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Corporate vs Franchising

It might be time to grow your business if:

  • Customers are asking if you plan to open a location in their area
  • Customers are asking you about franchising your business
  • You are having success and are considering opening an additional company store
  • You see other businesses expanding and think “that could be me”

 

Once you have given consideration to expanding, the next step is determining the best method to grow your business. Corporate growth can require considerable effort and time, not to mention the financial and human resources needed to grow a business. Lastly, expansion through franchising is built on the efforts of your franchise owners, who are qualified people having the desire, finances, and commitment to successfully grow your business with you. This overcomes the traditional obstacles of your growth. Consider the role of the Franchisor and Franchisee in opening a new location, as well as the requirements of corporate growth.

corporate vs franchising chart

In many cases, the financial rewards of franchising exceed those of adding an additional location. As an example, consider our case study of a fictional cookie company. The owners, who we will call Roman and Isabella, have decided to expand their business because of the success of their current store, and are deciding between franchising and opening an additional corporate store. Based on the experience of operating their current business, Roman and Isabella estimate that an additional corporate store will have:

Startup Investment$168,000
Expected year 1 revenue$458,000
Profit Margin10%
Total Lease Liability
(1,600 Sq.Ft. @ $30 per Sq.Ft. x5 years)
$240,000

Roman and Isabella have also carefully studied the financial performance of cookie franchises currently operating in the market and learned that the franchisors generate revenue in the following ways:

Franchise Fees per unit$25,000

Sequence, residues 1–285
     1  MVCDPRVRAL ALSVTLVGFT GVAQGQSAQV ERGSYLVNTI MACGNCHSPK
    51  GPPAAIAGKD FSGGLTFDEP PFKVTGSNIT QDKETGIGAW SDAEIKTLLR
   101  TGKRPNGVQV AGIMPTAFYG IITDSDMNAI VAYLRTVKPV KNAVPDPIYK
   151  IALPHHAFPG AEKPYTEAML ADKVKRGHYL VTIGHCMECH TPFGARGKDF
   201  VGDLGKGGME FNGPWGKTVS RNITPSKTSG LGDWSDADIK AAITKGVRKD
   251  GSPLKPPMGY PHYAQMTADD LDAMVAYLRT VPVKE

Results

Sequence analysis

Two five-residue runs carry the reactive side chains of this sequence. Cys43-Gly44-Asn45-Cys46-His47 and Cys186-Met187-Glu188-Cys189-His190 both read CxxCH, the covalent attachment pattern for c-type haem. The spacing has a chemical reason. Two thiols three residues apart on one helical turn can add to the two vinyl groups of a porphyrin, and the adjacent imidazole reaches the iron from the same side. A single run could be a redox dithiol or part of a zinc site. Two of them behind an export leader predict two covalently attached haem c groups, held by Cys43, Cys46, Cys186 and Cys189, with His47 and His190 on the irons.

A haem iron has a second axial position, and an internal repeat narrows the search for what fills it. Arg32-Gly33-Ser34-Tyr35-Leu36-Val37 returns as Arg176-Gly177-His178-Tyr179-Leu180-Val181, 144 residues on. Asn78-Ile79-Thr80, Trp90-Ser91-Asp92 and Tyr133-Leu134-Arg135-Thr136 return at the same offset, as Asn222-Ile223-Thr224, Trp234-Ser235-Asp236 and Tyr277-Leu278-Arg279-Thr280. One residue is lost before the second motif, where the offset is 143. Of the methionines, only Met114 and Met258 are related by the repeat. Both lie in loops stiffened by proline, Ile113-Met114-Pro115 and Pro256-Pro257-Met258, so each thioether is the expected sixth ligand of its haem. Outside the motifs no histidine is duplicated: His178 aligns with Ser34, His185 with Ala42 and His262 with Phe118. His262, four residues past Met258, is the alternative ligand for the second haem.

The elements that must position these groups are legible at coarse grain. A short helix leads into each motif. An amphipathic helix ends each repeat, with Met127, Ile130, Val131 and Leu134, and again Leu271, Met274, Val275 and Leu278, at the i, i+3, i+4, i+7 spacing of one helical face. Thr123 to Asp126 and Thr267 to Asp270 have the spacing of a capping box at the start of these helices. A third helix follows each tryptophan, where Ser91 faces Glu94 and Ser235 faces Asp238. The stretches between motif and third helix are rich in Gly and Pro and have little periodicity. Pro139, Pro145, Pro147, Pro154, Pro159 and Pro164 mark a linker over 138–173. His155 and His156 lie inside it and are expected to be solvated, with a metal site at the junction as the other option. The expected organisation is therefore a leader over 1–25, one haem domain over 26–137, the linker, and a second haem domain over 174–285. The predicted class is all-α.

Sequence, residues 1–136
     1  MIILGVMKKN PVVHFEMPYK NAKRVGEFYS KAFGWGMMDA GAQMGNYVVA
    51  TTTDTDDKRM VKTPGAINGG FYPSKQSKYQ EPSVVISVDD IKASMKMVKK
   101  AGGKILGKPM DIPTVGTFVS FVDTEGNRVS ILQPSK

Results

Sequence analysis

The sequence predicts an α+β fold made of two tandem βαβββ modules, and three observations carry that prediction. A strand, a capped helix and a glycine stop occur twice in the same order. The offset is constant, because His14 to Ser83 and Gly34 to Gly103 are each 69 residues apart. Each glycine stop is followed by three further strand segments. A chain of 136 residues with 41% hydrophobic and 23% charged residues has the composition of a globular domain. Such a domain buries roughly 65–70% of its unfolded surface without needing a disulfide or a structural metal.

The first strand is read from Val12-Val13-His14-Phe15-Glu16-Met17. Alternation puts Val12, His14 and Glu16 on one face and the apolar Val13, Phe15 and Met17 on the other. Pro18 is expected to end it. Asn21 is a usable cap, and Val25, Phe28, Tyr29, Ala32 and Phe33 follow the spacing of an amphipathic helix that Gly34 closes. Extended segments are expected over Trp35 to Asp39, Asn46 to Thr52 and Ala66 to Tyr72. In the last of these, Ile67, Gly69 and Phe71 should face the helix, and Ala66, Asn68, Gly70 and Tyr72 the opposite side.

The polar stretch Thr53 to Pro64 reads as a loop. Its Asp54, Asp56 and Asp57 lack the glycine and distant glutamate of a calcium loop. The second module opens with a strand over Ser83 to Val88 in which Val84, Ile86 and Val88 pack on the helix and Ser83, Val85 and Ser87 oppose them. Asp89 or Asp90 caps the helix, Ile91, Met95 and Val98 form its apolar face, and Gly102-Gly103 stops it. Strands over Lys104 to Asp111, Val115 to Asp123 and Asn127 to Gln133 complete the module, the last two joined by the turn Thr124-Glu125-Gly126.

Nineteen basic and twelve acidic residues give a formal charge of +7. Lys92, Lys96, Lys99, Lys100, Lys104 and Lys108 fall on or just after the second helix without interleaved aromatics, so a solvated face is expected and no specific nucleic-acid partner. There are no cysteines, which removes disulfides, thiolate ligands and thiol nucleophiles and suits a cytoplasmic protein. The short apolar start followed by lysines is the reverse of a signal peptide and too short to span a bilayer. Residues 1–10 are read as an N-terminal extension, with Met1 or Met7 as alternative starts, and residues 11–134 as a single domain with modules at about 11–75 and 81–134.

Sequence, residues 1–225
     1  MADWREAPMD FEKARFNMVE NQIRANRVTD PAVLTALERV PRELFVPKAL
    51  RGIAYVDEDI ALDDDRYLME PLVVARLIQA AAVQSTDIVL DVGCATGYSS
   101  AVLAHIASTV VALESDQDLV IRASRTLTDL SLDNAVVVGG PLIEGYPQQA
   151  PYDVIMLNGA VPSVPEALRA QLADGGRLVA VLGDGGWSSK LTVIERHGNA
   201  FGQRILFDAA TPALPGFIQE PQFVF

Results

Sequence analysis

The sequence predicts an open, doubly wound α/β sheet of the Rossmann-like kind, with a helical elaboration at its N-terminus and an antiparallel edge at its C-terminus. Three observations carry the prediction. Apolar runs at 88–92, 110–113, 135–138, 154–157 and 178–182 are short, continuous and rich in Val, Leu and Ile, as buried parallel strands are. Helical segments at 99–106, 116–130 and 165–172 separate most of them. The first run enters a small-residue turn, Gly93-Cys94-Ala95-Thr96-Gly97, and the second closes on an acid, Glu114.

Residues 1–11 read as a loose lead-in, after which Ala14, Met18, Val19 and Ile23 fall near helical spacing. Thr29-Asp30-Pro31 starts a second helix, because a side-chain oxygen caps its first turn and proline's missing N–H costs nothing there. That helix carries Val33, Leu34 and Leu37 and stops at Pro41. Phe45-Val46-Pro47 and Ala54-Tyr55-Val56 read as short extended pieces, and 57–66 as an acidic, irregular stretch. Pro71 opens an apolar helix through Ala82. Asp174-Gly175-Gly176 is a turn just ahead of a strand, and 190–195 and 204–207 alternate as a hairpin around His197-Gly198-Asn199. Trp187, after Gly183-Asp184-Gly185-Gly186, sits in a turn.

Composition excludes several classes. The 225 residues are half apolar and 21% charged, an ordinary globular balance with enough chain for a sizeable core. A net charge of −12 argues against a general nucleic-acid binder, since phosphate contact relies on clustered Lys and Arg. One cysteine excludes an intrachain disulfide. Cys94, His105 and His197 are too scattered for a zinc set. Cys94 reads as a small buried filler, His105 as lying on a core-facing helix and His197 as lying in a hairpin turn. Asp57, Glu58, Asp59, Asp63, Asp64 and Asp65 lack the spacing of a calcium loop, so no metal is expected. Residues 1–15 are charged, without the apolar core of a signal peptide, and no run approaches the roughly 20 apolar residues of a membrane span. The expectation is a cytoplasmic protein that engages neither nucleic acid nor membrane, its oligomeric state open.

Average Royalties (% of sales)6%
Average Food Rebates and Additional Revenue1%

Roman and Isabella have learned from International Franchise Association (IFA) statistics that the median sales for a first year franchisor is between four to six franchises, so they believe they can sell five franchises in the first year. The owners estimate that based on the staggered openings of the franchises throughout the course of the year, the average annual revenue generated per franchise will be $300,000 in year one. Finally, Roman and Isabella know that they are capable of supporting the opening of the five franchise locations with their current infrastructure and will not incur any incremental cost increases.

Corporate Store

Year 1 Revenue$458,000
Investment & Liability
Startup/Opening Investment:$168,000
Total Lease Liability:$240,000
Total Investment & Liability:$408,000
Cash Flow Generated:$45,800

Franchisor

Year 1 Revenue:

Franchise Fee Per Unit:$25,000
Royalties Per Unit:
(6% x $300,000)
$18,000
Rebates Per Unit
(1% x $300,000)
$3,000
Total:$46,000
Franchises Sold & Opened:x5
Total Year 1 Revenue:$230,000
Investment
Franchise Program:$68,000
Franchise Marketing Investment:48,000
Total Investment:$116,000
Cash Flow From Franchisor:$230,000
ROI:11%ROI:198%

Our example makes the assumption that five franchises will be sold in year one based on current IFA statistics, which results in $125,000 in franchise fees and $105,000 in royalties and rebates per year from franchises sold in the first year alone. More importantly, the royalties and rebates become a continuous stream of income over the term of the franchise agreement. Based on a franchise agreement lasting ten years, that equates to $1.05 million in royalties over the life of the term for just these franchises. And when you consider the additional franchise sales in each following year, you quickly see how franchising your business can become very lucrative.

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